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his is the perfect day to arrive in Lukla, announces the Sherpa. The climbing guide points out the ideal conditions: the weather is cool, but not freezing; there is no wind, and the sky is clear. This morning, a 14-seater aircraft, which regularly flies in tourists to this town, had no difficulty landing on what is dubbed the most dangerous airport in the world.
Across the airport, at the dining area of a wooden lodge, Romi Garduce is pouring himself a cup of hot lemon tea. Behind him is a wide glass window, and the clear morning revealed a rare view: beyond a forest of firs, in the distance, the dusty ice caps of the Himalayan range are easily visible.
This is Romi’s second time back in Nepal since he reached the summit of Mount Everest 9 years ago. At the time, he was the third Filipino to do so, reaching the highest peak in the world just minutes behind another Philippine expedition team. He was also already known, back then, as the first Filipino to have climbed two 8000-meter “death zone” peaks: aside from Everest, in 2005, he also climbed Cho Oyu, the 6th highest peak in the world.
Up in the Himalayas #theta360 – Spherical Image – RICOH THETA
But he never stopped there. By 2012, he had set a new record as the only Filipino to climb the 7 highest summits in all continents across the world.
And now Romi is back in the Himalayas. He’s celebrating his return with a cup of hot tea. This break is a brief respite before the long day of hiking that lies ahead.
He is also cracking jokes, checking his teammates’ oxygen levels, and patiently showing one of the new trekkers how to adjust her walking stick. One wouldn’t guess that Romi has not slept a wink. In fact, he arrived in Nepal’s Kathmandu airport just 4 hours earlier, after a harrowing 24-hour delay from his connecting flight in Malaysia. He barely had time to prepare his own climb gear before racing to the airport for the 6am flight to Lukla.
The protocol was to arrive at least two days before the start of the expedition, to allow time to pack, rest, and buy last minute gear. But Romi chose to arrive a day later instead. His reason: he did not want to waste an extra day of his leave from work.
So dispel all notions of Romi as the consummate adventure junkie, who can abandon everything to traverse the Himalayas. Yes, this is Romi Garduce, the record-setting Filipino mountaineer, who has a distinct hobby of climbing the highest and most dangerous summits of the world. But he just also happens to be a man with a day job, and who still needs to count and save his leaves.
“Life is about choices, and when you say it’s about choices, it’s about sacrifices,” Romi says. In his case, the so-called sacrifice ultimately made him happier.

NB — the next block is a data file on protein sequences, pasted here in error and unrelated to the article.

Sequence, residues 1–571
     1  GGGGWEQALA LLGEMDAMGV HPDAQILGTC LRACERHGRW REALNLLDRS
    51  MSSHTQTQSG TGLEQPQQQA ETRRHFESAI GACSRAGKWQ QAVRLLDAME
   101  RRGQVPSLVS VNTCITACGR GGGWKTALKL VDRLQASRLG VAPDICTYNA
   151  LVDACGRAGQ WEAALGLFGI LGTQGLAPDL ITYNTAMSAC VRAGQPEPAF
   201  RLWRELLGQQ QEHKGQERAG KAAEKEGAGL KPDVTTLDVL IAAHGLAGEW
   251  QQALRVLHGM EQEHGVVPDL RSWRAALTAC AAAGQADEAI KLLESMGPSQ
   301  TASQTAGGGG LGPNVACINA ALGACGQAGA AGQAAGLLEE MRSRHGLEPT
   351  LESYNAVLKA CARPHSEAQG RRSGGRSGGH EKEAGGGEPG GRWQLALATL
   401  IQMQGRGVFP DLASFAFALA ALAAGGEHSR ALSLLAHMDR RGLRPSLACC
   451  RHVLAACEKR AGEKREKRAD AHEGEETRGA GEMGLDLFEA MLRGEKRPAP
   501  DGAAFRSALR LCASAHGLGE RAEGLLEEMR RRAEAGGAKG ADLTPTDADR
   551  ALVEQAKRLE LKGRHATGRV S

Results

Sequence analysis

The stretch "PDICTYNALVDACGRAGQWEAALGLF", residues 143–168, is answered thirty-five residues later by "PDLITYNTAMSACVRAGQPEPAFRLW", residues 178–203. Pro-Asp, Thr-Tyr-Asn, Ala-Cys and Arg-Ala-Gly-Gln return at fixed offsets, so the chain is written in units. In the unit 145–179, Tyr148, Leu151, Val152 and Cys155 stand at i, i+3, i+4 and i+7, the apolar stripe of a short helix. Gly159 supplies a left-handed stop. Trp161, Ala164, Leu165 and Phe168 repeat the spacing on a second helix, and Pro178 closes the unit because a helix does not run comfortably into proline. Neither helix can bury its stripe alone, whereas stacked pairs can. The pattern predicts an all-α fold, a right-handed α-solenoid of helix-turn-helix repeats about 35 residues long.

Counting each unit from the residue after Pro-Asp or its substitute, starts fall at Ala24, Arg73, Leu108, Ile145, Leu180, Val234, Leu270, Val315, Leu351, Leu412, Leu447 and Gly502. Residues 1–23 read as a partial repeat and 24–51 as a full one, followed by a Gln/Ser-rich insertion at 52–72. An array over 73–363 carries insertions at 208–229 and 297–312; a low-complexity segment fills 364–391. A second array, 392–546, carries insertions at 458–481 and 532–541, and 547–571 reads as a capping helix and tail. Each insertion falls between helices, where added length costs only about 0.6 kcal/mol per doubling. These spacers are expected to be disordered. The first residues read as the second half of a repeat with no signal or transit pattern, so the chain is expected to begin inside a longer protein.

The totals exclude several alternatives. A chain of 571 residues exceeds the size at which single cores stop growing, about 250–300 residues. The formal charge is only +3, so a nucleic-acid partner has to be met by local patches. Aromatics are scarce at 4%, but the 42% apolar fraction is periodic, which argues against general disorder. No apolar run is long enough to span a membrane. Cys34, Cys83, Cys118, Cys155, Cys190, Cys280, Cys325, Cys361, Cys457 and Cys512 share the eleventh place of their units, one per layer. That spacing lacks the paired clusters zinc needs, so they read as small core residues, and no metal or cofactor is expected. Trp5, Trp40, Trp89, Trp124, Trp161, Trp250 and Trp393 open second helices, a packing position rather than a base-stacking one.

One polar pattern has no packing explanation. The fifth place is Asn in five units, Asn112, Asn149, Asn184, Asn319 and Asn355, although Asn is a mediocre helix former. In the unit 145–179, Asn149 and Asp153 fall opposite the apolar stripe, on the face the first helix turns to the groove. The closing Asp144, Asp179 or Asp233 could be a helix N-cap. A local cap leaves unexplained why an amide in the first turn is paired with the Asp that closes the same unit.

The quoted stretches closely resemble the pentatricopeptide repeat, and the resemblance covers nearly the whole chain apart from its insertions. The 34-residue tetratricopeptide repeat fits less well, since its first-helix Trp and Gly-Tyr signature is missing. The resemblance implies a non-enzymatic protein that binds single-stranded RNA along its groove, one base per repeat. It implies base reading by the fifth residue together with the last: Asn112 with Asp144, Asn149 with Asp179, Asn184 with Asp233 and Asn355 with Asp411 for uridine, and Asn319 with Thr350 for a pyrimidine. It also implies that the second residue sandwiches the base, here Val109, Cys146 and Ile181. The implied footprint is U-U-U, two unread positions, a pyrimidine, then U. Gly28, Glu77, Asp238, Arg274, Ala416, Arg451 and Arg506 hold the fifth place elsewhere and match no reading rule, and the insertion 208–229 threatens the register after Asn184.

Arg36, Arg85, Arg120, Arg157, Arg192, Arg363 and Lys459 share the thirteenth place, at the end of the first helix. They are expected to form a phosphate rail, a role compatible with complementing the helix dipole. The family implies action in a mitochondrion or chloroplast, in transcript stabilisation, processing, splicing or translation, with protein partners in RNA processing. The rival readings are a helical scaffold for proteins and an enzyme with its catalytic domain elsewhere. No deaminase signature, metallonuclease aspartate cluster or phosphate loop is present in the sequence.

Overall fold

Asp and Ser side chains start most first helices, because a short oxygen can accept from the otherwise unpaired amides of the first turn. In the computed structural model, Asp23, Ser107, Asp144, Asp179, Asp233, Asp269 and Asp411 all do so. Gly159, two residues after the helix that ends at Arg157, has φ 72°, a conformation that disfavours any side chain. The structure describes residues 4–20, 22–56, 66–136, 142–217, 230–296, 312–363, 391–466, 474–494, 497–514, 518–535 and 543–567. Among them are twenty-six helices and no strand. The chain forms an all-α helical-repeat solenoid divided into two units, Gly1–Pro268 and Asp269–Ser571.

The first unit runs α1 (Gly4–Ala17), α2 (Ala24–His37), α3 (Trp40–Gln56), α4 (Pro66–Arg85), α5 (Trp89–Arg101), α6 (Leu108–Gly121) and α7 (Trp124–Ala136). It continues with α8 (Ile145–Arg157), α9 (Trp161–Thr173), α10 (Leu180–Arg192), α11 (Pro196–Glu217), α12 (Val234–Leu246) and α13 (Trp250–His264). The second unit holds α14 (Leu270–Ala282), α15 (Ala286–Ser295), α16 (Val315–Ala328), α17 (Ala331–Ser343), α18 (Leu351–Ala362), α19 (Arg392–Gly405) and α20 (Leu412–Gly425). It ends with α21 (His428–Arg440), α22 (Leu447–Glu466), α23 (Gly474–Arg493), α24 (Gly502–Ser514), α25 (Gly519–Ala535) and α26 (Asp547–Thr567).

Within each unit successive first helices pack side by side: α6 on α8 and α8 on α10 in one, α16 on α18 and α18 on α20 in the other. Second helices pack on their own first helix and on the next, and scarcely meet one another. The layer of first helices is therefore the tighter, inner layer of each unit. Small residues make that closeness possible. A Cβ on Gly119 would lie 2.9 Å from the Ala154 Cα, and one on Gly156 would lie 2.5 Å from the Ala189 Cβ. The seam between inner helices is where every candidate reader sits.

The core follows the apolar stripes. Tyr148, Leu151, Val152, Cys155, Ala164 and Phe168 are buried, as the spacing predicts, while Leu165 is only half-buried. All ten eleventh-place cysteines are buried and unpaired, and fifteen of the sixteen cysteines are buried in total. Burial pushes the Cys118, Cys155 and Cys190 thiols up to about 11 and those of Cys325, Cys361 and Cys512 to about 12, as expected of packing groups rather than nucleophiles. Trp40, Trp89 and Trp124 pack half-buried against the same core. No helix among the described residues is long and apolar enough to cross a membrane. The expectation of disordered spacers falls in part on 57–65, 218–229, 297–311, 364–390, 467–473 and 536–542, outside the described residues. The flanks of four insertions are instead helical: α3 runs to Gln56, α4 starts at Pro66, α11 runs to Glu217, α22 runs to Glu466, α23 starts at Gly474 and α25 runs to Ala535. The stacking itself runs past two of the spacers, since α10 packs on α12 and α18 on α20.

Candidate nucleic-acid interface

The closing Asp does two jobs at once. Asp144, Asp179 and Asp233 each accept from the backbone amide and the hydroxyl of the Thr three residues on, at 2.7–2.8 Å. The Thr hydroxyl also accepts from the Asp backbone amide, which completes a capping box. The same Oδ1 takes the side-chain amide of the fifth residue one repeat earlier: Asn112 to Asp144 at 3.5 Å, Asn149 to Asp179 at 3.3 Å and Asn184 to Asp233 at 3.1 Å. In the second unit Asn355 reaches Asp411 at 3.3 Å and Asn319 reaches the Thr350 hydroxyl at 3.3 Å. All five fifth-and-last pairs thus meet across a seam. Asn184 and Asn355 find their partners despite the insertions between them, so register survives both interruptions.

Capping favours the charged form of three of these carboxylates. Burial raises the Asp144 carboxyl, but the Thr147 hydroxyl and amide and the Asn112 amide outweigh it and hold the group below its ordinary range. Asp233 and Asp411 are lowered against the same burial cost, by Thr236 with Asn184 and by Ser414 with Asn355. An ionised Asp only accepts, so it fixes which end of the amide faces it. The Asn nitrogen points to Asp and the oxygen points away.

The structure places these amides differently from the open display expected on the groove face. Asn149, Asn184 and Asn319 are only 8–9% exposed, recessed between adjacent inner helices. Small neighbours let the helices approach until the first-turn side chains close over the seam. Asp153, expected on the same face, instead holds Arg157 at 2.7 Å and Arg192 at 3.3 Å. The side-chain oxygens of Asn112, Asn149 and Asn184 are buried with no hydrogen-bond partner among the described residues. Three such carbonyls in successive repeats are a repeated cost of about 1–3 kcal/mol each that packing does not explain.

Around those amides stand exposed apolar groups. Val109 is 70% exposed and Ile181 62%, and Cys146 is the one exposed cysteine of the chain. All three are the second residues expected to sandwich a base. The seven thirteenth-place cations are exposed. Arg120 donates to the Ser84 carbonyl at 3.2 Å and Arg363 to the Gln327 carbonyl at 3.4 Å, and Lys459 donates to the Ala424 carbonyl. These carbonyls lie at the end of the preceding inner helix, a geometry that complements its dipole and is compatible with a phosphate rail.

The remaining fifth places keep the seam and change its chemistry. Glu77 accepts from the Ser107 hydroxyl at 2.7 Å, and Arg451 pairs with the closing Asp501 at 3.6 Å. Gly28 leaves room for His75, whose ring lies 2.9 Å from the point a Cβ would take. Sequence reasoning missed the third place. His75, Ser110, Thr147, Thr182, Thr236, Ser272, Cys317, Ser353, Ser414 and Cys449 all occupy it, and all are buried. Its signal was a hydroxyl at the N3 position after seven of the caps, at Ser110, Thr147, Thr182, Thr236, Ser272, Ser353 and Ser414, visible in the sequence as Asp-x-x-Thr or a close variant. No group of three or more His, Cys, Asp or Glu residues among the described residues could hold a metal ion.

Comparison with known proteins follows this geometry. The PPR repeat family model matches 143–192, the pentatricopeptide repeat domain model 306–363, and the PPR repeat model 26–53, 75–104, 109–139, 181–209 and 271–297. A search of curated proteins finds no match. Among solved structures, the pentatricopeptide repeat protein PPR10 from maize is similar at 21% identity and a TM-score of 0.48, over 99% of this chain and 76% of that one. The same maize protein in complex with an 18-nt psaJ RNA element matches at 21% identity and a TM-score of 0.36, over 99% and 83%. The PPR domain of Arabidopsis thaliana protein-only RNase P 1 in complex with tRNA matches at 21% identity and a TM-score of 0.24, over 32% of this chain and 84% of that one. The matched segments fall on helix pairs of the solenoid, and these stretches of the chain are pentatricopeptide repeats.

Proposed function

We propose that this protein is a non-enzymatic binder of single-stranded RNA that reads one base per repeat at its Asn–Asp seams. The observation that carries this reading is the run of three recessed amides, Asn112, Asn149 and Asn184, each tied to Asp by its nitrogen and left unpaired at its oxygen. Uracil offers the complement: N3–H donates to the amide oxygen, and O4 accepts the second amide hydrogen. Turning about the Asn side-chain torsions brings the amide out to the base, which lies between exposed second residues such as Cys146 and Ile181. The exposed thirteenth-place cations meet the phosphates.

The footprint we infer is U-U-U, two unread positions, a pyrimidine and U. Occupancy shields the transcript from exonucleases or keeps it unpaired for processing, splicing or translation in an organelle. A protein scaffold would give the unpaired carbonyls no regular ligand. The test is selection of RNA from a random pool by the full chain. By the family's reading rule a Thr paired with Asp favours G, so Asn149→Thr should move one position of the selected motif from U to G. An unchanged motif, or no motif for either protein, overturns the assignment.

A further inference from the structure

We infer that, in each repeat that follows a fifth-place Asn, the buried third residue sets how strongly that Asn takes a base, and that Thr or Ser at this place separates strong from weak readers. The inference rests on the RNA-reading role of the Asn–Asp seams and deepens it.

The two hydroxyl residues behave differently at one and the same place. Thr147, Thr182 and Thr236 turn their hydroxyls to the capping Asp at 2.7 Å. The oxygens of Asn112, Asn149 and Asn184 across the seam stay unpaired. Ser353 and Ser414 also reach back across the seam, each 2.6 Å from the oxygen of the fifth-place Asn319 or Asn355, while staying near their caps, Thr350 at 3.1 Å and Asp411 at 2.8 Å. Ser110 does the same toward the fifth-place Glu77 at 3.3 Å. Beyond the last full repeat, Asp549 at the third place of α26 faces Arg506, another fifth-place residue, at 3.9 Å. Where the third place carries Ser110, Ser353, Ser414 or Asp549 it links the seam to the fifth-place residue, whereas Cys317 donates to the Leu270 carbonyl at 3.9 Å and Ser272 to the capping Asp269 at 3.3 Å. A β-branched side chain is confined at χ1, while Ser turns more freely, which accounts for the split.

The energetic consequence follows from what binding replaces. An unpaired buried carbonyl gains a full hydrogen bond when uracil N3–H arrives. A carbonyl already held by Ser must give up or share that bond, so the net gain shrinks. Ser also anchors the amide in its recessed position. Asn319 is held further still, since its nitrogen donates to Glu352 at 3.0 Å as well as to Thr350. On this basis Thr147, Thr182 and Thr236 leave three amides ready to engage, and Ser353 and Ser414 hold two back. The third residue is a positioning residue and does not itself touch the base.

Behind the postcard of each adventure, there’s a story of hard work. It’s not just the mental and physical preparation that’s required for every expedition. Even as Romi looks forward to a big trip, he always needs to consider time away from his work and his family. He worries about acquiring enough funds for airfare, permits, and gear like new crampons and thermal suits.
Currently, Romi works as a project manager for a multinational company. It’s a good job that pays for the bills, though he still has to save diligently for his mountain treks. Romi admits that in the past, he has considered the chance to move up: to receive a bigger paycheck that would enable him to fund more plane tickets, travel permits, crampons, and thermal suits.
There would be a payoff, however: the promotion would mean gaining a bigger scope of tasks, and a less flexible schedule. He decided to stay away from the opportunity.
On his blog, in the environmental show that he hosts, and on numerous other stories written about him, Romi’s stories paint a picture of man who has the means and ways to do what he wants. He has traveled all over the world, exploring not just mountains, but also deserts, canyons, glaciers, and jungles. He has written a book about his journey to the 7 summits. He is often invited to speak about his adventures to students and corporate groups. He is the ultimate life peg, living out the dream of many: to wake up every morning with only one question: “Where will I go next?”
For his day job, Romi opted to stay put.
In life, he ended up going further.
Man meets mountain
Romi is now headed towards Ama Dablam, an icy pyramid south of the Everest that rises over 6820 meters above the sea. Those trekking towards Everest Base Camp are familiar with its highest peak, flanked by two lower ridges that locals say resemble a mother’s arms wrapped around her child. Ama Dablam is not on the list of the highest peaks of the world, but it is an intimidating climb nonetheless – feared and admired for its steep, vertical wall of ice and rock. Two other Filipinos, his longtime friends and fellow climbers from UP Mountaineers, will join him on this expedition.